Nu-Metro wants minimum payment regardless of ticket price
JOHANNESBURG — The cinema price battle in South Africa has turned into an all-out war, with exhibitor Ster-Kinekor accusing rival exhibitor/distributor Nu Metro of trying to sabotage its recently-launched ticket price cutting strategy by unfairly increasing prices for international releases.
Ster-Kinekor, which made the move to counter the public’s perception that ticket prices were too high, cut prices in mid-March by more than 50% at most of its cinemas to R14 ($2.20), retaining the old price of $5.90 at only seven rebranded “luxury” Ster-Kinekor Classic cinemas.
Nu-Metro Theatres, the country’s second biggest exhib, responded cautiously a few days later by slashing prices at all its cinemas to just $2 (R12) but made it clear that it was doing it as an “initial competitive strategy” to protect its market share.
Now Nu-Metro Distribution, local distrib for Warner and Fox, wants a minimum payment for each seat, regardless of the ticket price.
Ster Kinekor chief executive Ferdi Gazendam says a distributor should never determine the price that should be charged to the end consumer, and Nu Metro had not raised any objections during the testing period.
Nu-Metro had defended its action as “necessary to protect its revenues.”
Ster-Kinekor, which has around 65% of the total annual cinema aud, was hoping to raise its auds from the present 16.5-million to at least 26-million for the 2005/2006 financial year based on its research results, and issued a strong statement that despite the setback it would not be changing its new business plan.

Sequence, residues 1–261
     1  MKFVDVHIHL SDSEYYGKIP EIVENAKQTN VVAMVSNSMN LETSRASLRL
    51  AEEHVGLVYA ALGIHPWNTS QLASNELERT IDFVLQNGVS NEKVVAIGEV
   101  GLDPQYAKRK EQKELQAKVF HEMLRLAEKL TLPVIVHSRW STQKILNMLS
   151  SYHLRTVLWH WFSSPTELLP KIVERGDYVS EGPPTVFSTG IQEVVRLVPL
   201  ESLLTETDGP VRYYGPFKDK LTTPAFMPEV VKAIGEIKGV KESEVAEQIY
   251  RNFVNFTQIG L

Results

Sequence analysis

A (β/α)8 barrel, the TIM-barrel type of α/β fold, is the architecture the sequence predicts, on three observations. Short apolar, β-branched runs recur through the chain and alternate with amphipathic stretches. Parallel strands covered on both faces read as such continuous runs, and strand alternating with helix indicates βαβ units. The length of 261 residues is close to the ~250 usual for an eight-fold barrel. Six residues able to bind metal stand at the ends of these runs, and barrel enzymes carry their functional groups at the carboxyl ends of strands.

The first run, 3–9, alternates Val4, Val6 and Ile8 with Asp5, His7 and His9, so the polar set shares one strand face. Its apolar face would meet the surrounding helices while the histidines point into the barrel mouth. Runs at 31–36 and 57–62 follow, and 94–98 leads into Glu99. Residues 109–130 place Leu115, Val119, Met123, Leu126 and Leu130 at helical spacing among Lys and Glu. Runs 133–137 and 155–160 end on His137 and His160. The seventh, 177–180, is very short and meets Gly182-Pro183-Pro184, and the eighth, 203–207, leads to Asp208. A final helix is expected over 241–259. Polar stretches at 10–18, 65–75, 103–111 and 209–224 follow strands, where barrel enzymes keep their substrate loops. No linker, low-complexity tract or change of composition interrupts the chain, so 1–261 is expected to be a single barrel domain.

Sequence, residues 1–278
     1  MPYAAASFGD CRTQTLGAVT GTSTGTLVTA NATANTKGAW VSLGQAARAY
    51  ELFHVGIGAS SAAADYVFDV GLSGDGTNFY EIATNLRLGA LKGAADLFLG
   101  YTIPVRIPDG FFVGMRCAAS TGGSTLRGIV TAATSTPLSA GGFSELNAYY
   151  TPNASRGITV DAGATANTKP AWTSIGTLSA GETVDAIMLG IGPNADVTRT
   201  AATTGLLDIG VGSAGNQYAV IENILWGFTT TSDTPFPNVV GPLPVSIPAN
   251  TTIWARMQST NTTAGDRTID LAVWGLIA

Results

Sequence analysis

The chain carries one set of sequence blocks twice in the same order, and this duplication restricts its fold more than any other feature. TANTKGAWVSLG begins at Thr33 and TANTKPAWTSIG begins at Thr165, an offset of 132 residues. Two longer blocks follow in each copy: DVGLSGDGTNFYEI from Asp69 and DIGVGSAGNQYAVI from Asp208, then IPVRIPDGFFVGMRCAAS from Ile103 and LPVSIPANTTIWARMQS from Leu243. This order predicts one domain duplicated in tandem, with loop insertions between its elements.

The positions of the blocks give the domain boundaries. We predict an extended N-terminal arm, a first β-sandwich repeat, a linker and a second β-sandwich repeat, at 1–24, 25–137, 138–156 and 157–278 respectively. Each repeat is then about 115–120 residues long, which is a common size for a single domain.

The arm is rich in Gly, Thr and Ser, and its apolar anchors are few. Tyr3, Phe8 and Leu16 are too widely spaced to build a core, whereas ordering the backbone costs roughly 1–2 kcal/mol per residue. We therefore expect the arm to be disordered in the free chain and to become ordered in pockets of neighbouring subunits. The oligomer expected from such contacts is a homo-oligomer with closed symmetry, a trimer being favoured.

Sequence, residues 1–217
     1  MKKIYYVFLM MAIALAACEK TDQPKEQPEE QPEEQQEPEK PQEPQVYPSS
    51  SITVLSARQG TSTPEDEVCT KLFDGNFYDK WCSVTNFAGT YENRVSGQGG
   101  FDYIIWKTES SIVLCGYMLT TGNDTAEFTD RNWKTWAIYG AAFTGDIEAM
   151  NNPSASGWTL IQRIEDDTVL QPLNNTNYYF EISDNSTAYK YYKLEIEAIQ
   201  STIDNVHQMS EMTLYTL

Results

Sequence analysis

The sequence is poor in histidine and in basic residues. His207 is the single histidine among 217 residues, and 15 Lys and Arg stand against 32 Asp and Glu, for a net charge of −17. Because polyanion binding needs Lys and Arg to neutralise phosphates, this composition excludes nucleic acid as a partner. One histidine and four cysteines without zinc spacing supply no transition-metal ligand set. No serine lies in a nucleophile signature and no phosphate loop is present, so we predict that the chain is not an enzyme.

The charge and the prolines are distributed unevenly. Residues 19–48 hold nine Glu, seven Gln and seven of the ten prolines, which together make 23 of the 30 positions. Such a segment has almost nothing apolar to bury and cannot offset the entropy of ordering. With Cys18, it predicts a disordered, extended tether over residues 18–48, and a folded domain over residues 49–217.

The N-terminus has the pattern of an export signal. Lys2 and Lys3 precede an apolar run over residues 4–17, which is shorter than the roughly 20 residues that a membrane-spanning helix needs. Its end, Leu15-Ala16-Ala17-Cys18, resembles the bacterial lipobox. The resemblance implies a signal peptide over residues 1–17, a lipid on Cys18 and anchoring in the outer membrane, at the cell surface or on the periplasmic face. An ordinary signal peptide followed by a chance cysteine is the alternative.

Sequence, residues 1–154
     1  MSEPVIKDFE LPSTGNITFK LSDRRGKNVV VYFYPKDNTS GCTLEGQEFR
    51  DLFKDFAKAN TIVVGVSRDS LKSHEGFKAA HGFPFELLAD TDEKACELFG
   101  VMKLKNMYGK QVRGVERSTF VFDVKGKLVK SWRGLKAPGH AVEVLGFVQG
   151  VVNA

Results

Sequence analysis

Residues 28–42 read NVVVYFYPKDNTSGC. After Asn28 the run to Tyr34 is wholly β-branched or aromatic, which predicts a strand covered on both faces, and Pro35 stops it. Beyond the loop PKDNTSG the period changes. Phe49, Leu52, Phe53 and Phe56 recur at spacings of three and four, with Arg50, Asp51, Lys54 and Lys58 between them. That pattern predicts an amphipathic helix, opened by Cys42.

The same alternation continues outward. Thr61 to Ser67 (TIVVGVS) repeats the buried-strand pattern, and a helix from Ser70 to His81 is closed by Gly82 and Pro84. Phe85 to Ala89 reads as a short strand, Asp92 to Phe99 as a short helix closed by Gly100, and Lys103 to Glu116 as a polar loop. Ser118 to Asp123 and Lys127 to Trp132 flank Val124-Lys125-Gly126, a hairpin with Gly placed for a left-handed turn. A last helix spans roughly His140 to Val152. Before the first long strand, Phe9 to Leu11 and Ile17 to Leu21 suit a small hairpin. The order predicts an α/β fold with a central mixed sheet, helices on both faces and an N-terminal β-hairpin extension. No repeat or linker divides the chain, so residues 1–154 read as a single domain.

“The R14 ticket price at our value Ster-Kinekor Junction cinemas is here to stay. The only difference is that we won’t be able to show you some movies at the Ster-Kinekor Junction cinemas because the distributor of those movies doesn’t allow us to sell the tickets for R14.”
Fred Withers, managing director of Nu Metro Theatres, says “Nu Metro’s view is that margins on ticket sales are already slim and that reduced ticket prices do not result in long-term increases in attendances. Rather, we believe that the long-term sustainability of the cinema industry will be driven by strong marketing that embraces the challenge of developing new markets and altering existing consumer behavior.”